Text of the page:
JONATHAN BLAKE FLEMINGS AND ZURI HODGE
Pittsburgh Musical Theater has been known to take risks when it comes to choosing productions to present on stage.
The company has presented “Spring Awakening” and “Hair” in the past.
Now “Tarzan” will be swinging onto the Byham Theater stage as the season-ender of Pittsburgh Musical Theater’s season.
It is based off of the 1999 Disney film of the same name, and features powerful and fun music by musical juggernaut, Phil Collins. The musical began on Broadway in 2006 and opened at the Richard Rodgers Theatre on May 10 of that year, making it the only Disney theatrical production without any non-New York-based actors trying out for parts.
“Tarzan” closed in July of 2007 after 35 previews and 486 performances. It was nominated for a Tony Award for Best Lighting Design of a Musical and then went on to a widely successful two-year run in the Netherlands from 2007 to 2009.
With a history like that, one would think that actors would shy away from the challenge of the musical.
But that is not the case with Zuri Hodge and Jonathan Blake Flemings, two of the ensemble actors in the Colleen Petrucci directed and choreographed Pittsburgh Musical Theater Professional Company’s production, which runs from May 9-19 at the Byham Theater. Tickets run from $12 to $44.
Tickets for “Tarzan” can be purchased by calling 412-456-6666 or by visiting www.pittsburghmusicals.com/tix-tarzan or www.pgharts.org.
“The story of Tarzan is so captivating. That a stranger from an outside world would come in and get acclimated with a community of apes is amazing,” said Jonathan Blake Flemings, a Point Park University senior from Los Angeles who portrays the ape, Jasiri in the play.
“I’m glad that the theater is moving to something new with ‘Tarzan,” said Zuri Hodge a senior at Vincentian Academy in the Penn Hills School District. This will be her final production with Pittsburgh Musical Theater. “I’m glad that my final production with them will be Tarzan and that I’m playing an ape.”
To come across as real primates on stage, cast members went to the Pittsburgh Zoo & PPG Aquarium to observe the movements and mannerisms of the gorilla.
“They were really energetic and it was fun watching how they react when they hear a noise and how that noise dictates their next move,” Hodge said.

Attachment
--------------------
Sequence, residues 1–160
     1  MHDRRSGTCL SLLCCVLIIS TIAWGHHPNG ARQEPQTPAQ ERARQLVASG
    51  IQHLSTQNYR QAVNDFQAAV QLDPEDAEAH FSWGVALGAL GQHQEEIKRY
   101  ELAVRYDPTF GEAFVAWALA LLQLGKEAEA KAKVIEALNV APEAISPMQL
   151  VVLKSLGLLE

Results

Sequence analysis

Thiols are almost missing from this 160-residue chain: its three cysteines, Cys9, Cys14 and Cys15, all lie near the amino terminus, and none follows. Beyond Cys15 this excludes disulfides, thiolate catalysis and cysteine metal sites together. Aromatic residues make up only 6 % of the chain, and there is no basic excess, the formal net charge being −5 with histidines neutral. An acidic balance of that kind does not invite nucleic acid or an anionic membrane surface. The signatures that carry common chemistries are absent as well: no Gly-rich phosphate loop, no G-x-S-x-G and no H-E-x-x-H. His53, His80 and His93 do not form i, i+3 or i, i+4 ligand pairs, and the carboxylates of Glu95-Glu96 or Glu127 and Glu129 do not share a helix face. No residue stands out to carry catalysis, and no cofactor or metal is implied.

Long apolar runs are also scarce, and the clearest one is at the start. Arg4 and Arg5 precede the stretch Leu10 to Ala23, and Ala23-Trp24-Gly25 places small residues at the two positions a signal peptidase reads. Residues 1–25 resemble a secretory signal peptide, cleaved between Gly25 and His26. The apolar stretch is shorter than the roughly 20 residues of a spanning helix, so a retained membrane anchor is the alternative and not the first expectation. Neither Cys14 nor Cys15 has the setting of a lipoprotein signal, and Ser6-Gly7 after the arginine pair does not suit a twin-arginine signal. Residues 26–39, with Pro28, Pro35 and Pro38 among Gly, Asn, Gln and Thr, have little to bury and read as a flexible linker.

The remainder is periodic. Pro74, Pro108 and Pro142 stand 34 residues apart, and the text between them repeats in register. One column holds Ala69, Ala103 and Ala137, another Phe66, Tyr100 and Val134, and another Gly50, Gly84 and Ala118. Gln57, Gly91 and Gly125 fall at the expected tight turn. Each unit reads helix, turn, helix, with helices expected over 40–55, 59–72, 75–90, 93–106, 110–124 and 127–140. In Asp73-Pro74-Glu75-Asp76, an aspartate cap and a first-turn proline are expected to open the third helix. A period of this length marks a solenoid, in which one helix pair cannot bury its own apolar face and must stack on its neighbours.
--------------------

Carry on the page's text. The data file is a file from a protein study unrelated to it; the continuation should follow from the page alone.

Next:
Flemings agreed with his cast mate.
“We’re bringing creatures to life. We’re hunched over a lot. I don’t stand up at all. It’s physically exhausting, but it’s a great show. It’s Disney so it’s not super-deep. It is what it is,” Flemings said. ‘Tarzan’ works because of the story of it, the characters and what they are trying to do. That’s at the heart of the show.”
Pittsburgh Musical Theater was founded in 1990 with the mission of creating a regional theater company committed to quality productions of the best of Pittsburgh’s own professional talent at a price affordable to all residents, especially families and children.
As a non-profit performing arts organization, the mission expanded to include a strong commitment to education, training, and outreach programs through the Richard E. Rauh Conservatory for Musical Theater. General music education and appreciation programs are offered for students ages 4-18. The pre-college program is a highly structured accredited program designed for high school students with serious aspirations for careers in the performing arts.
“As African-Americans there are some shows that we can’t do, but when you really find a show that you can be in, you jump on it,” Flemings said. “Pittsburgh is a very traditional town when it comes to casting, but this is a big deal because it allows you to be in the show and have an opportunity that not a lot of people have.”
Hodge believes the underlying themes of tolerance, love and family will draw in audiences both young and old.
“The kids are going to love the apes and how goofy we are and the parents will relate to the animals and the human characters. The theme of acceptance will touch moms in the audience as well as the relationship between mother and son and dads will resonate with the male ape,” Hodge said. “The show is surprising because it relates to all of us.”
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